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First case of rat lungworm since 2010 reported on Oahu

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    Snails and slugs can become infected by rat lungworm disease and pass it on to humans. The first case of the disease on Oahu since 2010 was confirmed Tuesday.


    The rat lungworm parasite. The first case of the disease on Oahu since 2010 was confirmed Tuesday.

An adult is hospitalized with rat lungworm disease on Oahu, the first case of the disease reported on the island since 2010, the Health Department announced today.

Health officials confirmed the case late Tuesday. The Oahu resident had come down with symptoms consistent with rat lungworm disease in July. It is the 16th case so far this year in the state, along with cases on Hawaii island and Maui.

The news release did not specify where the patient lived, but said that vector control staff have surveyed for slug, snail and rat activity in East Oahu and found no evidence of slugs or semi-slugs nearby.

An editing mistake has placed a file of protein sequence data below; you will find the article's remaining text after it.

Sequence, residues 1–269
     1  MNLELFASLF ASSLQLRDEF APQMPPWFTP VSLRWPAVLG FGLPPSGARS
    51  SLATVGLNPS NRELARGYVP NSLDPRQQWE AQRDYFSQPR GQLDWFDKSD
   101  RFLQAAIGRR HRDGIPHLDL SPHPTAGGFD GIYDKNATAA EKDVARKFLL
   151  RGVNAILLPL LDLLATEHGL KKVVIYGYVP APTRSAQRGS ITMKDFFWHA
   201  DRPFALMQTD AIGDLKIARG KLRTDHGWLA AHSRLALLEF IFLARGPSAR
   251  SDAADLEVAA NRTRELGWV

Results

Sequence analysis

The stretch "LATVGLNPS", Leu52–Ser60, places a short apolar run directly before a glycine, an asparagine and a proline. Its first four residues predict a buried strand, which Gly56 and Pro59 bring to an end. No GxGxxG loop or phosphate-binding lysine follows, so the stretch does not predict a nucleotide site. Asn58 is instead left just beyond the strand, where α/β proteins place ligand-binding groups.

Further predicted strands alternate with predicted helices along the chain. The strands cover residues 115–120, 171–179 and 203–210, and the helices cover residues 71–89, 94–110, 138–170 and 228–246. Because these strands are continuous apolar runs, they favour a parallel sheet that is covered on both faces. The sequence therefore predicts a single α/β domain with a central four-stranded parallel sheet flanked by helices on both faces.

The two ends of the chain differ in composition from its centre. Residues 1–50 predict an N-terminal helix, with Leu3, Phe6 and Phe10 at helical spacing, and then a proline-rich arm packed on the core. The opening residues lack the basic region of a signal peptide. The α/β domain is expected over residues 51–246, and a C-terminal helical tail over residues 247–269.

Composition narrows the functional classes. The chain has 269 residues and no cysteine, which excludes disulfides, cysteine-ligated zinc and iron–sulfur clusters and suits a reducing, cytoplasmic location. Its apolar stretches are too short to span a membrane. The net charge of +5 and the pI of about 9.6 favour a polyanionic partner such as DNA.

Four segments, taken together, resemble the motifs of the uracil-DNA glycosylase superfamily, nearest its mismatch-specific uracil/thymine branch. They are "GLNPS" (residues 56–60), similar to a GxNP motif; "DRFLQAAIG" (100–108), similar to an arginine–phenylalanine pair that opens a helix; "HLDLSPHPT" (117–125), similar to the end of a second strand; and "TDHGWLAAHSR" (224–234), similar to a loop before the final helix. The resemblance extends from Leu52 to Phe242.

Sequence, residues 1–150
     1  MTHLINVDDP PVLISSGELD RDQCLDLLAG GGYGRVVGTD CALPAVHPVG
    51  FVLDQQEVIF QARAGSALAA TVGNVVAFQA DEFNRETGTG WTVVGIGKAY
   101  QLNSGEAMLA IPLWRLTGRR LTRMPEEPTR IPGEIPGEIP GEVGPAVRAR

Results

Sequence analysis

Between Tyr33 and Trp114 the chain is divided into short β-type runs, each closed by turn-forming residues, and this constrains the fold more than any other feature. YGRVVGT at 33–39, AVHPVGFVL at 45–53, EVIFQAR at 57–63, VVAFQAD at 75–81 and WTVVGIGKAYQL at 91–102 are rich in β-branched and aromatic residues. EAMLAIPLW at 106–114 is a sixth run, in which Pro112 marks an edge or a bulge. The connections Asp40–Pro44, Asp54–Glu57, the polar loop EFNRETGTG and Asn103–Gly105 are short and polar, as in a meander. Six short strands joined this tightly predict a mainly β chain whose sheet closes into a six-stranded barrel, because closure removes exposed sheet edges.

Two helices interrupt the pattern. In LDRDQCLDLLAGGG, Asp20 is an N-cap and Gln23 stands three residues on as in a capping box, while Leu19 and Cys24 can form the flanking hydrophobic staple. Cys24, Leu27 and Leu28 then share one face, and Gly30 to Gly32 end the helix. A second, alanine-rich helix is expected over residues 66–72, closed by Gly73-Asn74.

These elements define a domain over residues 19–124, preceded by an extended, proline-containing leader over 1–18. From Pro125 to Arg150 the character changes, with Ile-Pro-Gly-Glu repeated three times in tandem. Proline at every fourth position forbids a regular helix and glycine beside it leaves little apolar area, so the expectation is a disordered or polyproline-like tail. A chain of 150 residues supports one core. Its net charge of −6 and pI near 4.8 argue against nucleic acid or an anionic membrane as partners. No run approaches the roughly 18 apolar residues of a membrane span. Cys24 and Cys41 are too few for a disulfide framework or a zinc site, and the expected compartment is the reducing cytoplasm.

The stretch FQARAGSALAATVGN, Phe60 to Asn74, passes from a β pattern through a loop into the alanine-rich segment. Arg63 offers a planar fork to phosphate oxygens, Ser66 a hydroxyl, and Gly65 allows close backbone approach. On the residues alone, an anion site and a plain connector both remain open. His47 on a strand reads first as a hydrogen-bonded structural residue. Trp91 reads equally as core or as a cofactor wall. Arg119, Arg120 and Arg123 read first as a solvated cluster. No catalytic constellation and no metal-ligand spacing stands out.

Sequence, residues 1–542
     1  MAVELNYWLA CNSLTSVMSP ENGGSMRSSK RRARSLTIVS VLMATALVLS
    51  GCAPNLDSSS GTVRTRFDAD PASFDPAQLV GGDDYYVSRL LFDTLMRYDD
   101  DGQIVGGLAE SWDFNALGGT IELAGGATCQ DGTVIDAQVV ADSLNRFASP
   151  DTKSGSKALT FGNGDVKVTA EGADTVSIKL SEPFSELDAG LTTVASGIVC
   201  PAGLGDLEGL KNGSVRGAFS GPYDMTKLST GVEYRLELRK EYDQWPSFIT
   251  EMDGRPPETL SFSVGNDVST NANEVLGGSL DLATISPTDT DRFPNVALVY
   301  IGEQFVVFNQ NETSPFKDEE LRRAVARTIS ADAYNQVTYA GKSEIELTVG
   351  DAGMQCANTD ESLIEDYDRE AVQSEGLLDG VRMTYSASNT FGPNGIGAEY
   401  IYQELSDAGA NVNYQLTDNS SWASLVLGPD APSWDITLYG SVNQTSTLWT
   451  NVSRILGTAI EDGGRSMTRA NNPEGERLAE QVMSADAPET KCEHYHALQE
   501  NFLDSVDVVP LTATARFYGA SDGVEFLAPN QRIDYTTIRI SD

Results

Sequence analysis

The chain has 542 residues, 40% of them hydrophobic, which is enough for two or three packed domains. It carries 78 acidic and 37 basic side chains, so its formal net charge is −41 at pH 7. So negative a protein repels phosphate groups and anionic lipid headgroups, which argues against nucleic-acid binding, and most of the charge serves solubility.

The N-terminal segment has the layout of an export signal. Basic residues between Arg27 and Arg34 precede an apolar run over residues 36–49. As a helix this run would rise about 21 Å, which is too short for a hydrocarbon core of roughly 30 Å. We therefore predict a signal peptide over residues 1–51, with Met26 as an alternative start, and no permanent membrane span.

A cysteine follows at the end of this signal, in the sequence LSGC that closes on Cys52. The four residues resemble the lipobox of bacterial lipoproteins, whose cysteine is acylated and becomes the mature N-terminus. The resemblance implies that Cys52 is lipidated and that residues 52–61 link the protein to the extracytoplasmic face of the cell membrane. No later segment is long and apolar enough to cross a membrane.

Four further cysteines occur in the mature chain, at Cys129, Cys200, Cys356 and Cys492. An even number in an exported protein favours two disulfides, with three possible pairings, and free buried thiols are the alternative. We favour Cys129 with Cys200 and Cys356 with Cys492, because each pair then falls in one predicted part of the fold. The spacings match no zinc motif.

“The source of the individual’s infection is still unknown at this time,” but the investigation is continuing, the department said in the release.

“This is a serious disease that can be acquired on any of our islands because slugs and snails throughout the state carry the parasite responsible for the illness,” said Keith Kawaoka, deputy director of Environmental Health. “This is a grim reminder that we all need to take precautions when working in our gardens and on farms, and eliminate slugs, snails and rats from our communities to reduce the risks posed by this parasitic disease.”

Health officials urged the public to carefully inspect and wash all produce, especially leafy greens, under running water in order to remove any tiny snails or slugs. They also advise residents to eliminate slugs, snails and rats around their homes and gardens.

A person can contract rat lungworm disease by eating raw or undercooked slugs, snails and other creatures infected with a parasite known as Angiostrongylus cantonensis. Common symptoms include severe headaches and neck stiffness. The disease can cause neurological problems and severe disability.

More information is available here.

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